Kozak on how Valeo Pharma’s innovative natural health-based product lines are carving their niche in specialty pharmaceuticals
“Valeo is focused on those therapeutic fields where a relatively small number of general practitioners or specialist physicians account for the majority of prescriptions written. This enables the company to use a relatively small salesforce to target these physicians and to profitably capture market share.” — excerpt
Type in the phrase “modern medicine” into any search engine, and you will be inundated with results – 1.2 million just came up. Through the 19th, 20th and now the 21st centuries, the way that people are living, and working has changed dramatically. These changes especially, affected the risk of infectious diseases – clearly evidenced by what we are seeing with the current coronavirus global pandemic.
Starting in the early 1800s, scientists began to understand the mechanism of infections, disease etc. Notable accomplishments in medical microbiology were made by Louis Pasteur and others to start an evolution which over the last 200 years has given us a world in which pharmaceuticals are available for almost anything imaginable, including weird little bacteria in southeast Asia that create a body full of sepsis.
The pharmaceutical industry is one of the most active and innovative industries in Canada and it is estimated to be the 10th largest market in the world. It is made up of companies developing and manufacturing innovative medicines and pharmaceutical products as well as a rapidly developing field in natural health-based and biologic products. One of these companies is Valeo Pharma Inc. (CSE: VPH | OTCQB: VPHIF). The company went public through a non-offering prospectus at the end of 2018 and currently has a market capitalization of approximately C$51 million.
Founded in 2003, the company initially focused on dermatology and hospital products, a product portfolio that was sold in 2014. Since that time, it has been acquiring innovative, patent protected, pharmaceutical products in specific therapeutic areas for the Canadian market, building a strong diversified pipeline with access to proprietary deal flow. In select situations, Valeo will also engage in the in-licensing, acquisition of product rights or development of injectable generic products.
Valeo’s strategy is focused on three key therapeutic areas:
- Neurology (including Multiple Sclerosis and Parkinson’s Disease and others)
- Oncology (including soft tissue sarcoma, ovarian cancer and others)
- Hospital Products (pain management, including narcotics, anti-infectives and critical care)
Valeo is focused on those therapeutic fields where a relatively small number of general practitioners or specialist physicians account for the majority of prescriptions written. This enables the company to use a relatively small salesforce to target these physicians and to profitably capture market share. This targeted approach may be applied in assessing all innovative pharmaceutical products and is a determinant of whether Valeo will enter a new therapeutic area or add a new product.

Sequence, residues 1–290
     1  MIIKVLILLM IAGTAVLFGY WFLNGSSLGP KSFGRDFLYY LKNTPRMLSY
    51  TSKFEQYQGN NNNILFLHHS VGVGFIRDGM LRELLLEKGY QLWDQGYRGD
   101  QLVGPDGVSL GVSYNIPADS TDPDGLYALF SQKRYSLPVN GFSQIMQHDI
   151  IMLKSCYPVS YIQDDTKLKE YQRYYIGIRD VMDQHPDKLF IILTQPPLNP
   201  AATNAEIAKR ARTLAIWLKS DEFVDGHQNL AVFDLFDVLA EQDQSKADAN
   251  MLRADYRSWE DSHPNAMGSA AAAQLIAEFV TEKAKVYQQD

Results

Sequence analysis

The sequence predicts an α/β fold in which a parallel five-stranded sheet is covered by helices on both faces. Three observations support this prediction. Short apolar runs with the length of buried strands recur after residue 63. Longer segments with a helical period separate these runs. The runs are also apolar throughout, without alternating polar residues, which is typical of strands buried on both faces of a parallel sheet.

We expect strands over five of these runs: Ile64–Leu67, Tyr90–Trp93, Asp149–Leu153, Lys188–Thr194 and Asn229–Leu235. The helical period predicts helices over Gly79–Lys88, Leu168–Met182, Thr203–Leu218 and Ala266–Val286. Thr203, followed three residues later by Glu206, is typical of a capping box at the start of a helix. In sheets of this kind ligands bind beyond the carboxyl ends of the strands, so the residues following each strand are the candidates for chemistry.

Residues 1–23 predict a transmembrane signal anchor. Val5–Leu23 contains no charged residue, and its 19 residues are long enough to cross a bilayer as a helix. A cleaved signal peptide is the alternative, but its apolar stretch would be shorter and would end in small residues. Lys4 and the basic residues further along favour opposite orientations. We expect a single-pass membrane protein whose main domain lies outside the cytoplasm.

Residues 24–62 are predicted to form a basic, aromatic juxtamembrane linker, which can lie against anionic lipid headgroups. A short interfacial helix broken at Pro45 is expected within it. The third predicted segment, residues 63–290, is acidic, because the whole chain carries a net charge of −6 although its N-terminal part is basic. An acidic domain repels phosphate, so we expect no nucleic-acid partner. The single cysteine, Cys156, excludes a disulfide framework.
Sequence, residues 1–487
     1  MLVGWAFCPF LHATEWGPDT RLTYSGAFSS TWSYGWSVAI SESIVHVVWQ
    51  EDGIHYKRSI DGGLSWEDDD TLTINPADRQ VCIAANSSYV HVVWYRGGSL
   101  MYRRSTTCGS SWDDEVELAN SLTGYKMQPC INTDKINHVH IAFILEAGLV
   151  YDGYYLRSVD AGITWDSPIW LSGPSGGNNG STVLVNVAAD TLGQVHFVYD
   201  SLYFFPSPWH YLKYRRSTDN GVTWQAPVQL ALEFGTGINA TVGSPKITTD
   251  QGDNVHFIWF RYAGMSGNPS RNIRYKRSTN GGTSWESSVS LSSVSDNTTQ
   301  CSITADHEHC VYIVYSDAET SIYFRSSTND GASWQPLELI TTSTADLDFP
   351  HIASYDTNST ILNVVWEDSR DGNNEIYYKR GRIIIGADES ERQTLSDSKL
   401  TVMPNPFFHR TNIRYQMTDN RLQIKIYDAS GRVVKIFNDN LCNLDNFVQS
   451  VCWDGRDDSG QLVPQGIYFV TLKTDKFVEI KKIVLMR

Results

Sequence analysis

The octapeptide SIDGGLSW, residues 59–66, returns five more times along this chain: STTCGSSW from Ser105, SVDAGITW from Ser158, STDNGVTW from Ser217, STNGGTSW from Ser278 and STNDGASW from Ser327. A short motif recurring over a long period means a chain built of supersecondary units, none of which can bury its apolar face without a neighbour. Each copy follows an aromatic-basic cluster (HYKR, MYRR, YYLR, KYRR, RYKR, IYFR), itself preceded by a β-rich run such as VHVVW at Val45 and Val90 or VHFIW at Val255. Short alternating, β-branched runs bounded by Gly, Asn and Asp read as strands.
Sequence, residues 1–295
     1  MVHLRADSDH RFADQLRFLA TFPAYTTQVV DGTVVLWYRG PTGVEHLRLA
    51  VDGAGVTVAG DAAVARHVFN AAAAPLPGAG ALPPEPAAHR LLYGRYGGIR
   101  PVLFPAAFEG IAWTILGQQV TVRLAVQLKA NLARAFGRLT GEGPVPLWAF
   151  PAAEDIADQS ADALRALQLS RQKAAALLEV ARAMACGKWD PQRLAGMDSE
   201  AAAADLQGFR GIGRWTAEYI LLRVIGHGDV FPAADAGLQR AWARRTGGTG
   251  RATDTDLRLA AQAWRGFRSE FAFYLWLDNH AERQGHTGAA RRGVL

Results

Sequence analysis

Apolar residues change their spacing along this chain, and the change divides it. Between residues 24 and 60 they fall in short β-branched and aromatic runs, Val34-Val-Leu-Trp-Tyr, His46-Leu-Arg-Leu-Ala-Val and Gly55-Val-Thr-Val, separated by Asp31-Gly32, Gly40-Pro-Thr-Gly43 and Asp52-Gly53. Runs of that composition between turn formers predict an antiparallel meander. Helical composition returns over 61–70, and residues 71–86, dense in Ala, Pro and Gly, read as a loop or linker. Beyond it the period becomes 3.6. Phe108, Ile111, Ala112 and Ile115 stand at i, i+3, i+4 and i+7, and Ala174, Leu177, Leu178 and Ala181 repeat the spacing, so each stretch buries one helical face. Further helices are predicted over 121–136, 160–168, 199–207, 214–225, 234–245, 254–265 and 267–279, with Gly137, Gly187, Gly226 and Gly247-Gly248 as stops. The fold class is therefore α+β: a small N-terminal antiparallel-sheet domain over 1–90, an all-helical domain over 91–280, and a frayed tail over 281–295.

The company has a stated desire “to become a leading Canadian focused Specialty Pharmaceutical company and be the partner of choice for International companies wishing to enter the Canadian market.” Brand-name products account for 79.3% of Canadian sales and 30% of prescriptions. Generics account for the rest of an estimated C$40 billion market in 2018, so there is room for a profitable, well-run company.
The management team has almost 20 years of experience in the pharma industry in Canada, with some well-established relationships. But it is still about the numbers – at the end of Q3-2020 (July 31), the company’s product portfolio included eight commercial stage products as well as five products currently in pre-launch and/or regulatory stage.
Source: Valeo Pharma
As shown above, the company is not yet EBITDA profitable, but according to management, “Q4-20 and beyond, with new products sequentially contributing to our topline, and the benefit of operational streamlining, we expect our key operational metrics (gross to net ratio, product mix and SG&A leverage) to improve, thus driving incremental gross and net margins and positioning Valeo to exit Q4-20 as a profitable EBITDA company.”
The company continues to search for innovative products within its targeted areas of focus and maintains active business development activities to achieve this goal. The regulatory environment in Canada is such that the average timeline from commencing the registration process to receiving marketing approval ranges from 12-18 months. In circumstances where a product has an existing DIN, the time between the signing of the license and the start of commercialization is approximately 6-9 months. Management believes that the company possesses all the required expertise to manage all aspects relative to the filing, registration, as well as successfully launching the products currently in its pipeline.
The pharmaceutical industry is very competitive, but it would appear that Valeo has carved out a competitive niche and has the experience to grow and prosper. The company just raised C$6.9 million through a bought deal financing, so is financed to support operations should their forecast of EBITDA profitability by the end of their fiscal year not be realized. The company had approximately $3.0 million of debenture debt maturing in 2022 (~50%) and 2023 (~50% and convertible) at the end of July 2020, so there is no immediate stress assuming revenue growth is achieved.
This is probably a company to watch, as demonstrated by the share price after Q2-2020 financial results were announced (July 2, 2020). Delivering on management’s strategy will be rewarded in the marketplace.